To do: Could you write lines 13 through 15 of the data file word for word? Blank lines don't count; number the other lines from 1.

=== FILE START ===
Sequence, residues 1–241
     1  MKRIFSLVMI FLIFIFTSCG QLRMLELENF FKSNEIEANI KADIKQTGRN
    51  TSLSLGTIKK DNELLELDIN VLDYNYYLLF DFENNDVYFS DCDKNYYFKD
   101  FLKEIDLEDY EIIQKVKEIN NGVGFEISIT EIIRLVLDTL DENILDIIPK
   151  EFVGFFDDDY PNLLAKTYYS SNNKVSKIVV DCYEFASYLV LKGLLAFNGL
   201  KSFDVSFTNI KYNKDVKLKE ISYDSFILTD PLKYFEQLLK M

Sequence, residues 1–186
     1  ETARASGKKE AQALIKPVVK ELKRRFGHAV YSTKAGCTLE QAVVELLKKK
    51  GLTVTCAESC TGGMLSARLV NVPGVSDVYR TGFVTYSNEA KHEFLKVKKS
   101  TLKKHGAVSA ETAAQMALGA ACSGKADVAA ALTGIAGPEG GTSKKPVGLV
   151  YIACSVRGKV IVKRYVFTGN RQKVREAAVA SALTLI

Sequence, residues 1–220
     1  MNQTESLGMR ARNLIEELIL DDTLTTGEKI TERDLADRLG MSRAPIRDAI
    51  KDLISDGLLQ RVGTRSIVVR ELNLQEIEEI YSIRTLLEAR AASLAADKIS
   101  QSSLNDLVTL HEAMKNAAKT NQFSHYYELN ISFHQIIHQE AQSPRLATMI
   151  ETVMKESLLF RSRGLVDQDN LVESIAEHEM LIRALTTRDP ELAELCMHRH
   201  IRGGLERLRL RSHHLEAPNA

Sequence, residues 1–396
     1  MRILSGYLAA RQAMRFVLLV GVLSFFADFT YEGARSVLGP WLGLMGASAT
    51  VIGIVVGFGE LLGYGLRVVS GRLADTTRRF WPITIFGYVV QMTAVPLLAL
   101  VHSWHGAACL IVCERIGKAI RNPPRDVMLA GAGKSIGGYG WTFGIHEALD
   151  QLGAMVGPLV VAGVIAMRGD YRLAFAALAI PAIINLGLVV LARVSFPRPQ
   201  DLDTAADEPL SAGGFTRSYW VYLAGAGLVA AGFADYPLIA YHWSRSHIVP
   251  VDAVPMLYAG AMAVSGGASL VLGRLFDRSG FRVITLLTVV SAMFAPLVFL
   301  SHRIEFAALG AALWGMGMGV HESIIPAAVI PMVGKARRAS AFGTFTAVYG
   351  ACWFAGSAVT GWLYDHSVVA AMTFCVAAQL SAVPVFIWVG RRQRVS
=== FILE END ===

     1  MNQTESLGMR ARNLIEELIL DDTLTTGEKI TERDLADRLG MSRAPIRDAI
    51  KDLISDGLLQ RVGTRSIVVR ELNLQEIEEI YSIRTLLEAR AASLAADKIS
   101  QSSLNDLVTL HEAMKNAAKT NQFSHYYELN ISFHQIIHQE AQSPRLATMI